When I posted the following article, I was asked by several people if slot play was applicable to the methods described in the article. I’ll answer it here for everyone to read.

Specifically, the question is reflected in Kevin’s comments:

What about slot only players who use players cards? Any advice for them on how to try to take advantage of better casino comps?

How Don Johnson Won $15 Million: Using a Loss To Your Advantage

 

THE DIRECT ANSWER

The answer is yes. If anything, slot play might work even better; however, there are some challenges, which I’ll go over. At the end, I’ll add a rather controversial method of increasing your comps and free cash. Some seasoned slot players might already know based on what I just wrote; while some seasoned but HIGHLY ethical slot players are collectively rolling their eyes right now.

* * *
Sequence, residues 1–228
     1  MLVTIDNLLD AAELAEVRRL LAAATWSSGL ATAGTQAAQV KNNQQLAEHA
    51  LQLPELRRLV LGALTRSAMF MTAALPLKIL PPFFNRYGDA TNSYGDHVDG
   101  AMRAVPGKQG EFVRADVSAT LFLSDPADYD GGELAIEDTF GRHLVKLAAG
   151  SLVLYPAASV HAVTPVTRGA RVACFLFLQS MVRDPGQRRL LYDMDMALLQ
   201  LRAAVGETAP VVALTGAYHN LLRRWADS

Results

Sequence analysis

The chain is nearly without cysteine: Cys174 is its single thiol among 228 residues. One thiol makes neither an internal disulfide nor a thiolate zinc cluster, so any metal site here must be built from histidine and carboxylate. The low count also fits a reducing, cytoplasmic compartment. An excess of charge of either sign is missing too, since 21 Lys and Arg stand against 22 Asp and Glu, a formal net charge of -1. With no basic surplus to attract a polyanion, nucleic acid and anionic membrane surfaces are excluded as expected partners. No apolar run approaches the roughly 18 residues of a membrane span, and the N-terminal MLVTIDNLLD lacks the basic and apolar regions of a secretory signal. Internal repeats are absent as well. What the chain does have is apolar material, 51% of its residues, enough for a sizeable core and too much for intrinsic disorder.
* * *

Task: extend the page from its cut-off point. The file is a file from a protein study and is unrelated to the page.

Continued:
WHY SLOT PLAYERS DESERVE MORE COMPS THAN TABLE GAMES PLAYERS

To take advantage of comps, the slot player must know his worth to the casino. So I’ll clearly explain your worth to the casino.

Slot players are highly valued patrons for a casino. On the qualitative side of the equation, slot players are valuable because the nature of their interaction and engagement is cheaper than comparable costs for table games players. Simply stated, slot players play slot machines. Slot machines do not require an hourly wage (although that’s arguable with some revenue sharing slots), they do not require health insurance or benefits, they can’t sue for employment or work-related issues, they don’t require regular lunch or smoke breaks, etc.

Now let’s talk about the quantitative side of the equation…

In addition to a form of patron interaction that has relatively low costs to the casino, the slot machine also carries a higher house edge. Here is a survey on that issue, obtained from the Wizard of Odds website: https://wizardofodds.com/games/slots/appendix/3a/